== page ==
Norwegians are well known for their love of skiing and hiking. During the winter holidays, people flock to the mountains and the cities are left almost completely empty. As soon as the snow has melted and temperatures start to rise, you will witness people gather outside, from early morning to late at night in parks and outdoor cafes.
Constitution Day on May 17 holds a strong position in the hearts of Norwegians. As part of the celebrations, people put on their national costumes and spend the day outside with friends and family to watch elementary school parades and eat ice creams and hotdogs. In Oslo, people gather in front of the royal palace to see the royal family on the balcony. On this day, it is a common saying that children are allowed as many ice creams as they would like. May 17 also marks the last day of celebrations for upper secondary students in their graduate year (‘russ’) who are seen wearing personalised red trousers.
Norwegian cuisine in its traditional form is largely based on the raw materials readily available in Norway and its mountains, wilderness and coast. It differs in many respects from its continental counterparts with a stronger focus on game and fish. Norway’s culinary traditions show the influence of long seafaring and farming traditions with salmon (fresh and cured), herring (pickled or marinated), trout, codfish and other seafood balanced by cheese, dairy products and bread (predominantly dark/darker). ‘Lefse’ is a Norwegian potato flatbread, most common around Christmas. Some traditional Norwegian dishes include ‘lutefisk’, ‘smalahove’, ‘pinnekjøtt’ and ‘fårikål’.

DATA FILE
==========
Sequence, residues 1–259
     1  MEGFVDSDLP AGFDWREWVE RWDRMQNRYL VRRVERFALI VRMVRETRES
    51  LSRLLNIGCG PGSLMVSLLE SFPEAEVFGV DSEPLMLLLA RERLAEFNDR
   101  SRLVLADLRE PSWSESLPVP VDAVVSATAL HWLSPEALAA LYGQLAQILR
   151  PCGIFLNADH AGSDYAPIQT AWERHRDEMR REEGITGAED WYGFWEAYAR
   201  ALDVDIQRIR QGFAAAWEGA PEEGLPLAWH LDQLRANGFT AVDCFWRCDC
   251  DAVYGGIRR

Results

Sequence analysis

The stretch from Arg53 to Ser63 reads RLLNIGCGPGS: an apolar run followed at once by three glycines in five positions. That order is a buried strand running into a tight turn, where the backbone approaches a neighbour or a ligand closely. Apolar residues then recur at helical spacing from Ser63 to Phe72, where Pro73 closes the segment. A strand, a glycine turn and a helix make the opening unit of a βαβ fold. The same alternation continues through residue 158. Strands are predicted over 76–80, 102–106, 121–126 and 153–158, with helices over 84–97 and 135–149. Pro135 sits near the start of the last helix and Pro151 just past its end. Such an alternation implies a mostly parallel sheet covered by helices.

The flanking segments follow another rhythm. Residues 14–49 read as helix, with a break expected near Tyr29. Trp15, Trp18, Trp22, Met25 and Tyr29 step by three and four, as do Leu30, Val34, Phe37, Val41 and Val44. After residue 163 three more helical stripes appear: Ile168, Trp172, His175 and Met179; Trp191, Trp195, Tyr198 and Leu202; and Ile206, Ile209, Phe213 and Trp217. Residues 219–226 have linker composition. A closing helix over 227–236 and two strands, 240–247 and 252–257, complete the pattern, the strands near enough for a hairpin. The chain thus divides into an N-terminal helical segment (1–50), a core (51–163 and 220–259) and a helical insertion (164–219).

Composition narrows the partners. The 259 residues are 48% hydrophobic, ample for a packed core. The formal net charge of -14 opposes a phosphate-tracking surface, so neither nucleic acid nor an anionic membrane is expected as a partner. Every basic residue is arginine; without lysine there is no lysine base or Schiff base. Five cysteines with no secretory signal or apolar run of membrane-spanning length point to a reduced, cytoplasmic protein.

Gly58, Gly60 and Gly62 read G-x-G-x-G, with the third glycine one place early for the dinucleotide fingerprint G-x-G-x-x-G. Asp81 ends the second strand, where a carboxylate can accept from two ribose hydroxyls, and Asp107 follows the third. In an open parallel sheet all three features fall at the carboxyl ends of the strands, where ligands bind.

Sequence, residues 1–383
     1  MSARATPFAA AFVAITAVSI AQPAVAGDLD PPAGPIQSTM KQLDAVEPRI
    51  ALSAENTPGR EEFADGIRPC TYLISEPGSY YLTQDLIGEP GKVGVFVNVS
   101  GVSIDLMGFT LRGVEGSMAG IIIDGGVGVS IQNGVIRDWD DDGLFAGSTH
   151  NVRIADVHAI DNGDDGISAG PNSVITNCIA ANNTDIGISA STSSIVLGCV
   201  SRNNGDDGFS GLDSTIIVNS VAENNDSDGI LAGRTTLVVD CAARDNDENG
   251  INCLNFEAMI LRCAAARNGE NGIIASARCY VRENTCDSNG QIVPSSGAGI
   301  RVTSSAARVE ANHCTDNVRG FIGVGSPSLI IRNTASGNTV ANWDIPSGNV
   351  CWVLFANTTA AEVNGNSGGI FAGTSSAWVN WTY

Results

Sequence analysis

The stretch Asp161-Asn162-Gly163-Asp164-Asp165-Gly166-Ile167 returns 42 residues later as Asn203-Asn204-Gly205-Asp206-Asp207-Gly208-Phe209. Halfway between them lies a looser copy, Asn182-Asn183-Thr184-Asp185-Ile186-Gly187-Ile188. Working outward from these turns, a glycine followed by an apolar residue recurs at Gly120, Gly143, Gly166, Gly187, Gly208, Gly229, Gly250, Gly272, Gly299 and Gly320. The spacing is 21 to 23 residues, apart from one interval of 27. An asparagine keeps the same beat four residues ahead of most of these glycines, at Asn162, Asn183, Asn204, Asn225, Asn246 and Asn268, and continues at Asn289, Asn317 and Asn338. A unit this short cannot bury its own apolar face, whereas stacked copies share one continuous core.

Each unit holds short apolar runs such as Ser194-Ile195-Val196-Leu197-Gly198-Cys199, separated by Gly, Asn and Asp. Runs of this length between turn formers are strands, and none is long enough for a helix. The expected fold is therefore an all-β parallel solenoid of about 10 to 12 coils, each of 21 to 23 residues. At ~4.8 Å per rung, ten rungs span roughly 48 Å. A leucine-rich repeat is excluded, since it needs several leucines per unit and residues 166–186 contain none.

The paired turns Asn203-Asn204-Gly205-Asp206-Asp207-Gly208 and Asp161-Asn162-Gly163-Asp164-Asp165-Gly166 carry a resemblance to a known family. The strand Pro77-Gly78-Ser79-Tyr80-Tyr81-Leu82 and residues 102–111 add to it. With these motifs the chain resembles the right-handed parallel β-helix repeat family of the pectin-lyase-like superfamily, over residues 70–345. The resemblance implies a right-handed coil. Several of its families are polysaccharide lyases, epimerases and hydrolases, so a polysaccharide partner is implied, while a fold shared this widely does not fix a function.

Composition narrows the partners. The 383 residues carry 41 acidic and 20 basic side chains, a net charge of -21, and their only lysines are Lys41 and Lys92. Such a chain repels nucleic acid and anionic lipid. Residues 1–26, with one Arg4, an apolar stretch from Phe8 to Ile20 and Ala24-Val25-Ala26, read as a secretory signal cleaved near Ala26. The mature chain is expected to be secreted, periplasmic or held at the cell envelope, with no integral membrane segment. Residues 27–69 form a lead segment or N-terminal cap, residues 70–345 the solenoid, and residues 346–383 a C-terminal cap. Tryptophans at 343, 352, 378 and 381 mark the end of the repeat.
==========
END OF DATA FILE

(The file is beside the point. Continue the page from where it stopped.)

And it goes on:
Norway is a small but very special sporting country. Naturally, winter sports like cross-country and alpine skiing are predominant but people also enjoy activities like football, handball, basketball, athletics, swimming and cycling. Over 40% of the adult population are engaged in regular physical activities and Norwegians usually spend Sundays hiking, jogging or simply taking a stroll in the park. Schools also offer a variety of activities and sport clubs for children to join. Norway Cup, the world’s largest football tournament for youths, is held every summer in Oslo. It attracts more than 24,000 boys and girls aged 10 to 18 from over 50 different nations.